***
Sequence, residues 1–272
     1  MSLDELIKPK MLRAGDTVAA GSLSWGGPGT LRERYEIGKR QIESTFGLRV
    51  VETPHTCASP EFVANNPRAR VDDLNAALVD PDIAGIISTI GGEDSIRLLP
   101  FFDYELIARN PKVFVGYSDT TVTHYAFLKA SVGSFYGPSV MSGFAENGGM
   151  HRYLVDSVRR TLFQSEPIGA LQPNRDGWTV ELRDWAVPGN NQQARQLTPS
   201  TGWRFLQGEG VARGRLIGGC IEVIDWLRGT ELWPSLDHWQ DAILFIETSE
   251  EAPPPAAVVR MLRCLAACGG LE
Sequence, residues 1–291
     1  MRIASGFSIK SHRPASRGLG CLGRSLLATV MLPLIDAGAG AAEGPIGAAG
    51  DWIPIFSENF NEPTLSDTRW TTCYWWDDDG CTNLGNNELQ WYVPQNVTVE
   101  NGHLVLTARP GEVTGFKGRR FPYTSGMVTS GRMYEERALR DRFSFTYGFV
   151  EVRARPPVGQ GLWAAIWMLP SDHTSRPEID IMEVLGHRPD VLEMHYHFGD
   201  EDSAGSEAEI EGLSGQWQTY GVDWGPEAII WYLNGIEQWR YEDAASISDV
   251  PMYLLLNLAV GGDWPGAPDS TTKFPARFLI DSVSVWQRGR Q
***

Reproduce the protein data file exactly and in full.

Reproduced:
Sequence, residues 1–272
     1  MSLDELIKPK MLRAGDTVAA GSLSWGGPGT LRERYEIGKR QIESTFGLRV
    51  VETPHTCASP EFVANNPRAR VDDLNAALVD PDIAGIISTI GGEDSIRLLP
   101  FFDYELIARN PKVFVGYSDT TVTHYAFLKA SVGSFYGPSV MSGFAENGGM
   151  HRYLVDSVRR TLFQSEPIGA LQPNRDGWTV ELRDWAVPGN NQQARQLTPS
   201  TGWRFLQGEG VARGRLIGGC IEVIDWLRGT ELWPSLDHWQ DAILFIETSE
   251  EAPPPAAVVR MLRCLAACGG LE
Sequence, residues 1–291
     1  MRIASGFSIK SHRPASRGLG CLGRSLLATV MLPLIDAGAG AAEGPIGAAG
    51  DWIPIFSENF NEPTLSDTRW TTCYWWDDDG CTNLGNNELQ WYVPQNVTVE
   101  NGHLVLTARP GEVTGFKGRR FPYTSGMVTS GRMYEERALR DRFSFTYGFV
   151  EVRARPPVGQ GLWAAIWMLP SDHTSRPEID IMEVLGHRPD VLEMHYHFGD
   201  EDSAGSEAEI EGLSGQWQTY GVDWGPEAII WYLNGIEQWR YEDAASISDV
   251  PMYLLLNLAV GGDWPGAPDS TTKFPARFLI DSVSVWQRGR Q